“These are vulnerable people who are trafficked into the country, often against their will” –Aodhán Ó Ríordáin
On Tuesday the 1st of April 2014, Aodhán Ó Ríordáin addressed the Dail, demanding new legislation be intruduced for victims of forced labour and human trafficking. Aodhán is the only TD who appears to be speaking out against a new pattern of coerced behavior to primarily Asian ‘gardeners’ in the Irish criminal underworld.
The Irish cannabis market has changed dramatically over the previous five years. Up until the mid-2000s, localised drug cultivation was not a traditional method utilised by criminal gangs in Ireland. The introduction of industrial ‘grow houses’ has caused radical changes to both the way criminals behave and who they associate with. As superintendent John O’Driscoll of the Garda National Drugs Unit described it; “ Grow Houses are large scale operations that tend to take place in industrial estates, where a group of ‘gardeners’ will produce cannabis plants for the Irish market.”
Each plant has the “potential to make €800.” As being an industrialised drug dealer is not a legal profession, it’s also tax free. This means that a few thousand plants at the potential profit margin of €800 can amass huge financial gain for those in charge. From his office in Dublin Castle, Superintendent O’Driscoll provided photographic evidence of a ‘grow house’ from a previous case.
He explained that typically, the owner of the establishment will be unaware of the criminal presence occurring within their compound. Gangs have used innovative tactics to avoid detection from authorities. Initially, the gardaí would locate the ‘grow houses’ by checking the amounts of electricity being used in areas, such as industrial estates. If it were obvious that an unnecessary exertion of power was being generated in one specific location, “chances were, suspicious activity was taking place”. Another method of detection the Superindendent mentioned, was through accessing energy waves via heat censored cameras in helicopters.
However, he described that gangs are now implementing obstacles to counter Garda intelligence. For instance, the large generates needed to heat and light the cannabis plants are often at far distances from where the cultivation is actually taking place. This is done through an intricate process of underground wiring. Gangs are now using effective covering over the areas where growing takes place, that block the energy waves on heat sensors.
Who are the ‘gardeners’ and why is there apparent cause for public outcry?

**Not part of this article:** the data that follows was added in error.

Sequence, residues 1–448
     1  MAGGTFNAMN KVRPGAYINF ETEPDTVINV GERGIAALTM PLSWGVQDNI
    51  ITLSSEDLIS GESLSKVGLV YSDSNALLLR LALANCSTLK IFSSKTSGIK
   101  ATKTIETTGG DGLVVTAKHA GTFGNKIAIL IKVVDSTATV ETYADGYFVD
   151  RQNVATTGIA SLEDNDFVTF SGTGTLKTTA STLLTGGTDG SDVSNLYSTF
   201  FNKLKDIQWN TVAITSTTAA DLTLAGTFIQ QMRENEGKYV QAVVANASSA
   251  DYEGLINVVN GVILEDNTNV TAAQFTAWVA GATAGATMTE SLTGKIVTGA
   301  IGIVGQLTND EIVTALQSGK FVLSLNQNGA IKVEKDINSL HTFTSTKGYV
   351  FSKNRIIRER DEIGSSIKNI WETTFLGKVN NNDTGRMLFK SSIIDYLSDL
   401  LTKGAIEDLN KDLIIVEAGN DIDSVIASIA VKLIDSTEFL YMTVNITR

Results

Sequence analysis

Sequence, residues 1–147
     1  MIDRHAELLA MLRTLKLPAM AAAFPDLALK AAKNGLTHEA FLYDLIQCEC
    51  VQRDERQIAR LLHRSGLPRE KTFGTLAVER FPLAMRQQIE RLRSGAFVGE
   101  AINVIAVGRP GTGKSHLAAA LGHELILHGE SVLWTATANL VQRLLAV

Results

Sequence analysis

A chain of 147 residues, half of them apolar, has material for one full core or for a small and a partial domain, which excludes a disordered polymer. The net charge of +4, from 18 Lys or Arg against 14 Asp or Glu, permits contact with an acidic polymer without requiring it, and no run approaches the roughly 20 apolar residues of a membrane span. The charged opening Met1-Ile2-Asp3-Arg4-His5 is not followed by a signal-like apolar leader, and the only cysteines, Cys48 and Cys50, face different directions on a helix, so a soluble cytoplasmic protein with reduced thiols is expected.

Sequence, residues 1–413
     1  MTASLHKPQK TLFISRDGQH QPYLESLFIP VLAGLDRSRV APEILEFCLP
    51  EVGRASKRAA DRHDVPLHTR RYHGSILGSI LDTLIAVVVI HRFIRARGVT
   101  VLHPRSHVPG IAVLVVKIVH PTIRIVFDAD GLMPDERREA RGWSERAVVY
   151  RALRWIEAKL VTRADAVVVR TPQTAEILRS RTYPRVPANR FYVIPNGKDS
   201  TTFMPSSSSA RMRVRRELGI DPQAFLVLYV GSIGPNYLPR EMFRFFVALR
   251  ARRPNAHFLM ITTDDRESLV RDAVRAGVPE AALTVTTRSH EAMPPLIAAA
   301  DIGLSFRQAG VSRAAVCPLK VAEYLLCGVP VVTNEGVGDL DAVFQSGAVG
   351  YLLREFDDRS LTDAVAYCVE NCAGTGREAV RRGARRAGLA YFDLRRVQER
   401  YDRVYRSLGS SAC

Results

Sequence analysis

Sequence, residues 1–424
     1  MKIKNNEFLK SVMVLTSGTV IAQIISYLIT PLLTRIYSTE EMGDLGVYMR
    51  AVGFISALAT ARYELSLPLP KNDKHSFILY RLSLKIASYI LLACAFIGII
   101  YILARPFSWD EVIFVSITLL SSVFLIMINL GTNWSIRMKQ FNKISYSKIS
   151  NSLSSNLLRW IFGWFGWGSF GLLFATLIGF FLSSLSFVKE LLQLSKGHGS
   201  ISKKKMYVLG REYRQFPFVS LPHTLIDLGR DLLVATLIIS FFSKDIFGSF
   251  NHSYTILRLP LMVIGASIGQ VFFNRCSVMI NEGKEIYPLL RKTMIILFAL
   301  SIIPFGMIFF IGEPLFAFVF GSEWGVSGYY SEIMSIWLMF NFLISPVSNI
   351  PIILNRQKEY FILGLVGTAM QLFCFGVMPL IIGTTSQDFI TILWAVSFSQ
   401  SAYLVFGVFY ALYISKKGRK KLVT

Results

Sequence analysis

It has been reported in media outlets, such as the Sunday Word and the Irish Examiner, in tandem with TD Ó Ríordáin’s speech in the Dail, that Chinese and Vietnamese immigrants are being trafficked into the country by criminal gangs and forced to work in ‘grow houses’. The most unfortunate factor in these stories being that prior to detection by gardaí, these ‘gardeners’ are arrested and jailed.
The vast majority of media reports cite the Migrant Rights Centre of Ireland (MRCI) as their main source of information. The MRCI recently published a PDF research document; Trafficking for Forced Labour in Cannabis Production: The Case for Ireland, as part of a wider European study into the unwilling involvement in drug cultivation. The study is led by Anti-slavery International (ASI). One of the key objectives of this organisation is to prevent forced labour and human trafficking. According to the MRCI, Ireland and the UK are areas where serious injustices are taking place involving gang related human trafficking and modern day slavery. The victims of which being primarily from China and Vietnam.
It is stated in the document that out of the 50 people jailed for cannabis cultivation last year, 36 were Asian immigrants. A startling 75% of Chinese and Vietnamese nationals who had been arrested for criminal drug production charges in the last year claimed they were the victims of exploitation. These staggering figures were presented to the Chinese Embassy as part of this investigation.
The representative on the line of the Ambassador’s Office claimed he was unsure as to what the information meant upon the first call. When he was called again several days later, the office ‘s representative said “I was not aware of that”, in relation to the Chinese victims of trafficking and subsequent imprisonment. After explaining the MRCI report in detail, the office asked “how do I spell that?” and requested online reading, for which he was directed to. Arguably, the reaction one might have to such a serious matter going undetected by the Embassy, could be one of surprise and skepticism. It must be maintained however, that no evidence suggested any dishonesty or manipulation of truth.